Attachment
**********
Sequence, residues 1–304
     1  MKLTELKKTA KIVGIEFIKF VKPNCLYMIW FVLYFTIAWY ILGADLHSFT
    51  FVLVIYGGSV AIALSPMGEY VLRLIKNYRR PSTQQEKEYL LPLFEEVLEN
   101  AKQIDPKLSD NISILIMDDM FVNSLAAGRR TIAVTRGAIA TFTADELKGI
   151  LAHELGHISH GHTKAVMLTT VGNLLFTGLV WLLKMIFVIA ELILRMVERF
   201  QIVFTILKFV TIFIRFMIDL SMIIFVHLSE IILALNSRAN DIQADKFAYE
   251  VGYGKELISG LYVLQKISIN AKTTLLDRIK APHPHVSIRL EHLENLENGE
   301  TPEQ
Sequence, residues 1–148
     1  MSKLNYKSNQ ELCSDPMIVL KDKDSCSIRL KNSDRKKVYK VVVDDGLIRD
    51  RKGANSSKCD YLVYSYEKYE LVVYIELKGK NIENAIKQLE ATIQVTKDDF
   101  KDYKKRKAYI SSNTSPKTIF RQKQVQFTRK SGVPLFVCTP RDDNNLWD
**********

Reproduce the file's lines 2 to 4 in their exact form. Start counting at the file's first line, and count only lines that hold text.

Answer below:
     1  MKLTELKKTA KIVGIEFIKF VKPNCLYMIW FVLYFTIAWY ILGADLHSFT
    51  FVLVIYGGSV AIALSPMGEY VLRLIKNYRR PSTQQEKEYL LPLFEEVLEN
   101  AKQIDPKLSD NISILIMDDM FVNSLAAGRR TIAVTRGAIA TFTADELKGI